Being aerobic crops corn and cassava which were submerged by flood waters rotted away leaving only stench in its wake. It was estimated that food items worth over N130million in projected income were lost to the flood, thus aggravating the already grim economic hardship being faced by the people.
In the area alone over 100 hectares of cultivated farmlands were destroyed leaving over 30,000 people displaced in the villages of Illah, Opato, Adayi, Iwali, Guto, Abatuku, Gidangiwa and Isankpe with other settlements affected to a lesser degree.
In Doma Local Government Area of the state which hosts the largest rice plantation in West Africa owned by Olam Integrated Rice Farms Nig. Ltd, the flood also reared its ugly head where homes and farmlands were damaged or completely destroyed. Seated on 10,000 hectares of land cutting across three communities of Ondori, Rukubi and Ijowu, it is expected that when fully operational the farm would produce the needed 2.4million metric tones of rice to meet the national demand on rice which stands at 5.3million metric tones.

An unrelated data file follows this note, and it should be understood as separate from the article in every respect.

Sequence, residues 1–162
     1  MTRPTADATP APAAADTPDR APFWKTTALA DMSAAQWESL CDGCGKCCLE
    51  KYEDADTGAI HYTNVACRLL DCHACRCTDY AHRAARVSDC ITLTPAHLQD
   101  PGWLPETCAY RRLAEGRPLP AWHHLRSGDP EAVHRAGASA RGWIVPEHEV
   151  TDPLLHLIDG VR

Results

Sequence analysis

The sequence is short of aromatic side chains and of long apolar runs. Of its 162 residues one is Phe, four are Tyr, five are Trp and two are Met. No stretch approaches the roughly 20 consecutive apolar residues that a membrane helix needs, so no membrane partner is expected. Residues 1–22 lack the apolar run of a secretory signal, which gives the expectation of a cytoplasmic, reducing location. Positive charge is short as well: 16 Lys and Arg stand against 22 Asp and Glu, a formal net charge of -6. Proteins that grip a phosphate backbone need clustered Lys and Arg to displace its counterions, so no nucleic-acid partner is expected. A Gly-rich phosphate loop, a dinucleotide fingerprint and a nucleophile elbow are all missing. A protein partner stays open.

This Olam rice which is being setup with over
$100million, fully mechanized with a processing unit to produce rice of international standards and stem rice importation into the country. One good news was that the management of the farm has reaffrimed that they are committed to operation in the state and have started clearing the lands once more for operations.
In Udege development area farmers also were forced to harvest their crops prematurely and still lost them also had all their fishing vessels to the flood as it is a fishing community. Fishing is one of the mainstay of the community and the floods swept away fishing implements valued at over N150million, a situation worsened by the deposit of water hyacinth in the river.
The communities affected here are Maigami, Gidan Adiku, Kuture, Kuture Mallam, Ogeni, Igbenyi, Gidan Musa, Gidan Kabawa, Angwar Hausa and Akpamu.